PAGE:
Tipu Sultan’s armoury
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- The role played by the 18th century Tipu Sultan’s armoury, in Mandya, Karnataka near the railway station, during the Anglo-Mysore wars was sgnificant.
- The armoury, a square-shaped structure about 12 metres wide and 10 metres tall, was one among the many Tipu constructed to store ammunition for battles against the East India Company, represented mainly by the Madras Presidency.
- The monument was a hindrance to the Bengaluru-Mysuru railway track doubling work for many years as it bisected the alignment of the second track.
- The nearly 1,000-tonne structure was shifted to another area in March 2017 at a cost of Rs. 13.66 crore.
- The ‘Unified Jacking System’ was used for the first time in the country to translocate it by PSL-Wolfe Pvt. Ltd.
- The structure was excavated and moved using hydraulic cranes and other material.
- Two years on, the heritage monument is again longing for attention. With weeds and shrubs occupying it, the site is also a dumpyard for waste material such as cigarette packets and liquor bottles.
- There were clear indications of the area being used for anti-social activities apart from being turned into a public toilet owing to lack of security.
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- There are 613 registered GI products in India
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Tribal Cooperative Marketing Federation
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- Cooperative help takes tribal crafts to Amazon’s global marketplace
- From stunning bomkai, kantha and ikat saris to the geometric shapes of an embroidered Toda shawl, from intricately beaded Bhil jewellery to painstaking Dokra metalwork, the artistic riches of India’s Adivasi communities will soon be showcased on Amazon’s global marketplace.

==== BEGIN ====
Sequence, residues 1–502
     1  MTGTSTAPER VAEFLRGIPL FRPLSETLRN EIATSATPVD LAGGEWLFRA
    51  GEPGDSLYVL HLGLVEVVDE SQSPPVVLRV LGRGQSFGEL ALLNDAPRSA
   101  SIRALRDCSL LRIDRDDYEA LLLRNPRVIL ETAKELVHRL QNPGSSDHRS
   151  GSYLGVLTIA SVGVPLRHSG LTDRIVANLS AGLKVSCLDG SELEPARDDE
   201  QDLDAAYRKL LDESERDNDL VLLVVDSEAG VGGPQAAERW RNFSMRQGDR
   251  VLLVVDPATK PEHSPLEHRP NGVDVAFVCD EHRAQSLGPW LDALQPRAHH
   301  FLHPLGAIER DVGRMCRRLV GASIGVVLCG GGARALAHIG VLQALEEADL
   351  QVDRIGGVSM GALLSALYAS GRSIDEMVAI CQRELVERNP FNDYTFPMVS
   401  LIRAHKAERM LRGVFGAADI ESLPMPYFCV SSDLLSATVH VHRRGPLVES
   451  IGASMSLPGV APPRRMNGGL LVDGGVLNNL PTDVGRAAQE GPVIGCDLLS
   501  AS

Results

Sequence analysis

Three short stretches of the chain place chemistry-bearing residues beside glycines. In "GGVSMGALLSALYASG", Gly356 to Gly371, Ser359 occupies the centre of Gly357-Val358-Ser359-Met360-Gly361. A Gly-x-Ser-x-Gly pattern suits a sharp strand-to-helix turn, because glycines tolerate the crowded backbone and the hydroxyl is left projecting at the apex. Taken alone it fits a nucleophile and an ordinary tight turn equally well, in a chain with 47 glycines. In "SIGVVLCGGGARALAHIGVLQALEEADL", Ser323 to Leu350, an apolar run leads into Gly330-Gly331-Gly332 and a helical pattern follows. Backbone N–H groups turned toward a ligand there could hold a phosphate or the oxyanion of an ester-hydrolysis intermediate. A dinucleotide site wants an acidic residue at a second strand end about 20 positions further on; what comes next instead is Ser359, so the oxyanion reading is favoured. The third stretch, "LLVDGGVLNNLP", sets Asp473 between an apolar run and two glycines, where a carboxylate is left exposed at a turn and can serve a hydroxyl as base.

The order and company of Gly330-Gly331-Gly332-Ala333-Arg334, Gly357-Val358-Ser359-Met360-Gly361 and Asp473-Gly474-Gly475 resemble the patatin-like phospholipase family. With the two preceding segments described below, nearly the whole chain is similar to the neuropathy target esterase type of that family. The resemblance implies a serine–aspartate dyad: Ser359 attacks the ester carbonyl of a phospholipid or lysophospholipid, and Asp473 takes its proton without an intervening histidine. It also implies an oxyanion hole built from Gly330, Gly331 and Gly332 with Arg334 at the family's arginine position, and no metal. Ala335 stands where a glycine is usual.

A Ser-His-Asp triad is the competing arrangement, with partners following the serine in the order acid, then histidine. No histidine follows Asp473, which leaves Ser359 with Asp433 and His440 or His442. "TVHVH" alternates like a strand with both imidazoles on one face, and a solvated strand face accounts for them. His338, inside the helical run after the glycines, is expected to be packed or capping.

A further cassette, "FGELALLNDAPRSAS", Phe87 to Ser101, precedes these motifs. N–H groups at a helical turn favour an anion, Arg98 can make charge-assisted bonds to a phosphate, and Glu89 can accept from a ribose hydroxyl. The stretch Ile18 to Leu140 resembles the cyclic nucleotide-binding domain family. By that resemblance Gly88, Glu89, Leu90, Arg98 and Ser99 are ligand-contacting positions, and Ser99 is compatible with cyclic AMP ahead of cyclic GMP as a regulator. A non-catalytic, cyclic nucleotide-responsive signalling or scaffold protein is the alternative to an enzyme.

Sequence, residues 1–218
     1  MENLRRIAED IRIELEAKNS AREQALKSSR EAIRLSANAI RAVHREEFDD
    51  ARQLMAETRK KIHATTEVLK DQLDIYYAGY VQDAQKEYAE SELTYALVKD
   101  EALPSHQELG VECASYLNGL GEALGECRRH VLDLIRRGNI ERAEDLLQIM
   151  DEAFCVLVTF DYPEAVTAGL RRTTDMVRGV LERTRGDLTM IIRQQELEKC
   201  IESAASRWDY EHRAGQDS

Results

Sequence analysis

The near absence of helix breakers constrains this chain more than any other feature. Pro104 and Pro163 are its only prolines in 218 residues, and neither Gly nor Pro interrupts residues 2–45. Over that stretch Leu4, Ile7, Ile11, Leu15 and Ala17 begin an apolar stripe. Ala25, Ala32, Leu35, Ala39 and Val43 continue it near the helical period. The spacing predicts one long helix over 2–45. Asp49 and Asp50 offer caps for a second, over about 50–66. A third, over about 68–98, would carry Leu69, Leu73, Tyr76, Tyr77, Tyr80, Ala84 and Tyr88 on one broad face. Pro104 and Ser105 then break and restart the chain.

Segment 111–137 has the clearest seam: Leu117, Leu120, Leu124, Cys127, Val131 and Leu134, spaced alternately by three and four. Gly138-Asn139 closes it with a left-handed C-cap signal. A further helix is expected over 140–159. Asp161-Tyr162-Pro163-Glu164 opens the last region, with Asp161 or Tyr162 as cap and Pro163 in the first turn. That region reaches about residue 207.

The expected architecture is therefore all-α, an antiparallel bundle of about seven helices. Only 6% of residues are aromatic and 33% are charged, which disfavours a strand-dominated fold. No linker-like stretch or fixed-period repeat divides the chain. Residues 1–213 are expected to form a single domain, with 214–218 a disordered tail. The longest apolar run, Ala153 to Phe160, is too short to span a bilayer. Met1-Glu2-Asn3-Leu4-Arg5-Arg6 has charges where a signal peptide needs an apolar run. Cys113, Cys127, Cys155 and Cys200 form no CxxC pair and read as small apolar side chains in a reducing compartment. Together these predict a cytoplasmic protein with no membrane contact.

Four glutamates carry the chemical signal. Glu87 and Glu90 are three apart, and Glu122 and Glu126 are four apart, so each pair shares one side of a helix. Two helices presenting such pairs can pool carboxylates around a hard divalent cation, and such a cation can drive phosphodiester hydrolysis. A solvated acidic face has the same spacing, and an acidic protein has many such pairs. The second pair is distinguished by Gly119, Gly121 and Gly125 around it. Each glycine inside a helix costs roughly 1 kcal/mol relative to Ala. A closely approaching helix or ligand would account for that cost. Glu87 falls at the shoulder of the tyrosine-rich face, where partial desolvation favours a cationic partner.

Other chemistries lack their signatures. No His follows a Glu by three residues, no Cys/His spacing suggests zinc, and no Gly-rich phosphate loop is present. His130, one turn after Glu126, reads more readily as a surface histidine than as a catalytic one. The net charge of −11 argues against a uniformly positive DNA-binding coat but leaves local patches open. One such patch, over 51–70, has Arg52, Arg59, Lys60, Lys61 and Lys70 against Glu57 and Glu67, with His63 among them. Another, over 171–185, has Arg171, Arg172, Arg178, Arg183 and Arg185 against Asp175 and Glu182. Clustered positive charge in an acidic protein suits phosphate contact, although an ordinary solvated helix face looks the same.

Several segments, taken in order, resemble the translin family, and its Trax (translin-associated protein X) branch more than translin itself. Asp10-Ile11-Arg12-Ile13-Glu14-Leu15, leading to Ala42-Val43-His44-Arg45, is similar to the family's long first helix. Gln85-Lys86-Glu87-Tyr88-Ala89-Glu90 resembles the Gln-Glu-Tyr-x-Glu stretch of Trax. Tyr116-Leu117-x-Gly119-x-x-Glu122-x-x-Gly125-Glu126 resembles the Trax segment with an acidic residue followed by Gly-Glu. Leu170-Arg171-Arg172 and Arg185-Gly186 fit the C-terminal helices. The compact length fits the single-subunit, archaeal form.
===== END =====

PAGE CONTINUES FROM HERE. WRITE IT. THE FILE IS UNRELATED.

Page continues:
- The Centre’s Tribal Cooperative Marketing Federation (TRIFED) signed an agreement to partner with the e-commerce giant’s Global Selling Programme.
- These traditional textiles are at the heart of TRIFED’s turnaround over the last two years. Earlier, the focus was on gift items and assorted handicrafts.
- The cooperative federation was started in 1987, but for the first two decades, it bought tribal products in bulk from the market and sold them in its retail outlets.
- “That was a loss-making proposition. Now we empanel tribal artisans and source directly from them. We pay them a 30% profit, and then sell at an additional mark-up of 10-15% to account for administrative costs,” Mr. Krishna explained.
- The number of empanelled artisans has risen to more than three lakh, from 75,000.
- Already, TRIFED’s presence on Amazon India since September 2017 has led to annual sales of Rs. 50 lakh on that platform.
- Now eyeing the global marketplace, design consultants work with adivasi master craftsman to create contemporary patterns from traditional skills.
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Dokra metal work
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Lost wax technique
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Jaipur – UNESCO World Heritage Site
- Jaipur, celebrated for its grid plan-based architecture and buildings of pink façades, entered the list of the UNESCO World Heritage Sites.
- It was among the seven sites worldwide to have made it to the list.
- The decision was taken by the World Heritage Committee at the UNESCO’s 43rd session under way at Baku, Azerbaijan.
- The committee, comprising representatives of 21 State Parties to the World Heritage Convention, examined the Walled City’s nomination.
- The International Council on Monuments and Sites had inspected the city in 2018. It took into account the architecture of streets with colonnades, which intersect the centre, creating large public squares called chaupar.
- The uniform façades of markets, residences and temples in the main streets had also impressed the council.
- The fortified city was founded in 1727 by the Kachwaha Rajput ruler of Amber, Sawai Jai Singh II.
- The city was established on the plains and built according to a grid plan interpreted in the light of Vedic architecture.
- The city’s urban planning shows an intermingling of ideas from ancient Hindu, modern Mughal and western cultures.
- Myanmar’s ancient capital of Bagan, nearly a quarter of a century after the complex of Buddhist temples was first nominated for listing, has been included in the list.
- The Myanmar site includes more than 3,500 stupas, temples, monasteries and other structures built between the 11th and 13th centuries, is expected to boost the country’s tourism sector.
- The sprawling Mesopotamian metropolis of Babylon made it to the list after three decades of lobbying efforts by Iraq.
- Iceland’s Vatnajokull National Park, Europe’s largest with a landscape of “fire and ice,” also found a place in the list.